To get the details of one of these products, use the DescribeEntity action. The following example shows how to get details about the first product returned above.

GET /DescribeEntity?catalog=AWSMarketplace&entityId=example1-abcd-1234-5ef6-7890abcdef12 HTTP/1.1

The following shows the response to DescribeEntity.

{ "EntityType": "ContainerProduct@1.0", "EntityIdentifier": "example1-abcd-1234-5ef6-7890abcdef12@9", "EntityArn": "arn:aws:aws-marketplace:[exampleARN]", "LastModifiedDate": "2021-03-02T20:19:14Z", "Details": "{\"Versions\":[{\"Id\":\"example2-0000-aaaa-5ef6-7890abcdef12\",\"ReleaseNotes\":\"My release notes\",\"UpgradeInstructions\":\"N/A\",\"VersionTitle\":\"1.0\",\"CreationDate\":\"2021-03-02T00:00:00.000Z\",\"Sources\":[{\"Type\":\"DockerImages\",\"Id\":\"example3-1111-bbbb-5ef6-7890abcdef12\",\"Images\":[\"\"],\"Compatibility\":{\"Platform\":\"Linux\"}}],\"DeliveryOptions\":[{\"Id\":\"example4-2222-cccc-2222-cccccccccccc\",\"Type\":\"ElasticContainerRegistry\",\"SourceId\":\"example3-1111-bbbb-5ef6-7890abcdef12\",\"Title\":\"New delivery option 1\",\"ShortDescription\":\"Delivery option 1\",\"isRecommended\":false,\"Compatibility\":{\"AWSServices\":[\"ECS\",\"EKS\"]},\"Instructions\":{\"Usage\":\"test\"},\"Recommendations\":{\"AdditionalArtifacts\":[]},\"Visibility\":\"Limited\"}]}],\"Description\":{\"Highlights\":[\"Some highlight\"],\"LongDescription\":\"Description of my product\",\"ProductCode\":\"123456789012abcdef1234567\",\"Manufacturer\":null,\"Visibility\":\"Limited\",\"AssociatedProducts\":null,\"Sku\":null,\"SearchKeywords\":[\"some keyword\"],\"ProductTitle\":\"Container Product 1\",\"ShortDescription\":\"Description of my product\",\"Categories\":[\"Operating Systems\"]},\"PromotionalResources\":{\"LogoUrl\":\"\",\"AdditionalResources\":[],\"Videos\":[]},\"SupportInformation\":{\"Description\":\"Description of support information.\",\"Resources\":[]},\"RegionAvailability\":{\"Regions\":[\"ap-south-1\",\"eu-west-3\",\"eu-north-1\",\"eu-west-2\",\"eu-west-1\",\"ap-northeast-2\",\"ap-northeast-1\",\"me-south-1\",\"ca-central-1\",\"sa-east-1\",\"ap-east-1\",\"ap-southeast-1\",\"ap-southeast-2\",\"eu-central-1\",\"us-east-1\",\"us-east-2\",\"us-west-1\",\"us-west-2\"],\"FutureRegionSupport\":null},\"Repositories\":[{\"Url\":\"\",\"Type\":\"ECR\"}]}", "DetailsDocument": { "Versions": [ { "Id": "example2-0000-aaaa-5ef6-7890abcdef12", "ReleaseNotes": "My release notes", "UpgradeInstructions": "N/A", "VersionTitle": "1.0", "CreationDate": "2021-03-02T00:00:00.000Z", "Sources": [ { "Type": "DockerImages", "Id": "example3-1111-bbbb-5ef6-7890abcdef12", "Images": [ "" ], "Compatibility": { "Platform": "Linux" } } ], "DeliveryOptions": [ { "Id": "example4-2222-cccc-2222-cccccccccccc", "Type": "ElasticContainerRegistry", "SourceId": "example3-1111-bbbb-5ef6-7890abcdef12", "Title": "New delivery option 1", "ShortDescription": "Delivery option 1", "isRecommended": false, "Compatibility": { "AWSServices": [ "ECS", "EKS" ] }, "Instructions": { "Usage": "test" }, "Recommendations": { "AdditionalArtifacts": [] }, "Visibility": "Limited" } ] } ], "Description": { "Highlights": [ "Some highlight" ], "LongDescription": "Description of my product", "ProductCode": "123456789012abcdef1234567", "Manufacturer": null, "Visibility": "Limited", "AssociatedProducts": null, "Sku": null, "SearchKeywords": [ "some keyword" ], "ProductTitle": "Container Product 1", "ShortDescription": "Description of my product", "Categories": [ "Operating Systems" ] }, "PromotionalResources": { "LogoUrl": "", "AdditionalResources": [], "Videos": [] }, "SupportInformation": { "Description": "Description of support information.", "Resources": [] }, "RegionAvailability": { "Regions": [ "ap-south-1", "eu-west-3", "eu-north-1", "eu-west-2", "eu-west-1", "ap-northeast-2", "ap-northeast-1", "me-south-1", "ca-central-1", "sa-east-1", "ap-east-1", "ap-southeast-1", "ap-southeast-2", "eu-central-1", "us-east-1", "us-east-2", "us-west-1", "us-west-2" ], "FutureRegionSupport": null }, "Repositories": [ { "Url": "", "Type": "ECR" } ] } }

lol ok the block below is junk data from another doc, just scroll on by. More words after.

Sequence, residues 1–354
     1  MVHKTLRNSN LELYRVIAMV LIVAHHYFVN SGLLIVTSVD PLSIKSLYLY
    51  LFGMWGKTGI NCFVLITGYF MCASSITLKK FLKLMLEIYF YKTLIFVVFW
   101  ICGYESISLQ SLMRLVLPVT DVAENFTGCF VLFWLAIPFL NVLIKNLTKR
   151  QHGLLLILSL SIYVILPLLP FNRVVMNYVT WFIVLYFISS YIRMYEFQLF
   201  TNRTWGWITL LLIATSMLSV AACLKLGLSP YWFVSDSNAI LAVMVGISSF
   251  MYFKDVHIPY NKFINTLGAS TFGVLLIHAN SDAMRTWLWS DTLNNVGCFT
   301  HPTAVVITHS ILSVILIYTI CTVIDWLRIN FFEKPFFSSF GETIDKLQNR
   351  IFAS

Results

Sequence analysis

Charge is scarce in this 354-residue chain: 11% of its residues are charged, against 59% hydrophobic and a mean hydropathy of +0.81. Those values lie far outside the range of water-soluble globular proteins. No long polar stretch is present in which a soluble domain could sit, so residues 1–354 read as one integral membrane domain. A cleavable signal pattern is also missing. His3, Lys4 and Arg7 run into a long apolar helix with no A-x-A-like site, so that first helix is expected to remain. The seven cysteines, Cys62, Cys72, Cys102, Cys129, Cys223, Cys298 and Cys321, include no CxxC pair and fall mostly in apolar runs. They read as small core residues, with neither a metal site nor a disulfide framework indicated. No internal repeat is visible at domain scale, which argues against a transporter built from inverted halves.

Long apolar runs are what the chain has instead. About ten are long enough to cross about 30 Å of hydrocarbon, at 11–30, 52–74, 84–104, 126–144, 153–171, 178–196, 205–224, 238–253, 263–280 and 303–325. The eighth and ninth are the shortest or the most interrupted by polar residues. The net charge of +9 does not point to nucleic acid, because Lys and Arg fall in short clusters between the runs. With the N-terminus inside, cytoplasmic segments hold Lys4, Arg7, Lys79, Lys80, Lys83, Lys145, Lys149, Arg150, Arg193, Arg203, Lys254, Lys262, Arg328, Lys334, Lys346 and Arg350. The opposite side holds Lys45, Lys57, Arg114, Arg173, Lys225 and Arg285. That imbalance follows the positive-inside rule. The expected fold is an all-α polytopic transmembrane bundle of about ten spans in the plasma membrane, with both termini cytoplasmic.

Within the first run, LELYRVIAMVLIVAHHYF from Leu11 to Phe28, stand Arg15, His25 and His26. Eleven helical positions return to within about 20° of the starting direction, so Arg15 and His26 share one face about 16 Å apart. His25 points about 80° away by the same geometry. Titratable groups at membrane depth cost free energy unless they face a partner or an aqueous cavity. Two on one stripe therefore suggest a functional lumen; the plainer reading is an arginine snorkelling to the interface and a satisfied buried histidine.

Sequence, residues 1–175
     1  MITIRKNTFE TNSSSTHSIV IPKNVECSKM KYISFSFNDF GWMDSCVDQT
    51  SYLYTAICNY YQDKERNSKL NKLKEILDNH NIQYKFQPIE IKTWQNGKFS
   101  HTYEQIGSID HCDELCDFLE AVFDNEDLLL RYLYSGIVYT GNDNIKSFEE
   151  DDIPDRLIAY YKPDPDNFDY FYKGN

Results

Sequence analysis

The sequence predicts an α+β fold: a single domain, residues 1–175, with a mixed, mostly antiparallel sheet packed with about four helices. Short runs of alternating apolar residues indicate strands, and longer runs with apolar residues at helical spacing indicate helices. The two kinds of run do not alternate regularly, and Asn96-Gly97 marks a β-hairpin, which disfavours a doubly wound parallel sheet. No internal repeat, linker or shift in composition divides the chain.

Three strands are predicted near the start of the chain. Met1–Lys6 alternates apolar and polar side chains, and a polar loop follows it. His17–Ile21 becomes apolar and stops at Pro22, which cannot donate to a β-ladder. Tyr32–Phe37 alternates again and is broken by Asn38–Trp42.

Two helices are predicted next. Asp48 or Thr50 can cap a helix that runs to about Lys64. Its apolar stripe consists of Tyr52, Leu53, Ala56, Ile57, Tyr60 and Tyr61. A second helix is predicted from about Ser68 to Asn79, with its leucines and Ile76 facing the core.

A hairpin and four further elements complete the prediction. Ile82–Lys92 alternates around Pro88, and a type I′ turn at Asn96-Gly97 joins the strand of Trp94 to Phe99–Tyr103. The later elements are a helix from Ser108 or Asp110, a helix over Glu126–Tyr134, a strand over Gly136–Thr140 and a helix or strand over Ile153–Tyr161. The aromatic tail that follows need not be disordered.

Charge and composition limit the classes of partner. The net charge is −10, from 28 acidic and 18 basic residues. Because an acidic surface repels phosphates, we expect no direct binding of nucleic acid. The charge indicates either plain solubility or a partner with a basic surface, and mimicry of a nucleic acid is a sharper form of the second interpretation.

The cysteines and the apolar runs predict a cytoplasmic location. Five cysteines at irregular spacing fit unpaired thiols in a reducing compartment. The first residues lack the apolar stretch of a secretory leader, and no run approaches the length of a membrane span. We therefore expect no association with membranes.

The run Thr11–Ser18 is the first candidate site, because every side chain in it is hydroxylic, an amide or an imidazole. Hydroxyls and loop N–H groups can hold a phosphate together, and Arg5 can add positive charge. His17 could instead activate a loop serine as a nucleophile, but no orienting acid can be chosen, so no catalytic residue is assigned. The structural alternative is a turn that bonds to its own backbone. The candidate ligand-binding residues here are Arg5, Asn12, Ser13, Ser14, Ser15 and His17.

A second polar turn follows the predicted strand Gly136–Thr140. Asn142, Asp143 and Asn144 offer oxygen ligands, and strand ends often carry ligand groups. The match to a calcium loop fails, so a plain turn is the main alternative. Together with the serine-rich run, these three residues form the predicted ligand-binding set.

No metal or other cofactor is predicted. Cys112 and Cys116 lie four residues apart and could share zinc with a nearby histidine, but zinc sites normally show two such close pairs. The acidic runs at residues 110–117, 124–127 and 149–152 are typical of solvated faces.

The DetailsDocument attribute contains the entity details as a JSON object. The legacy Details attribute contains the same JSON object as a string.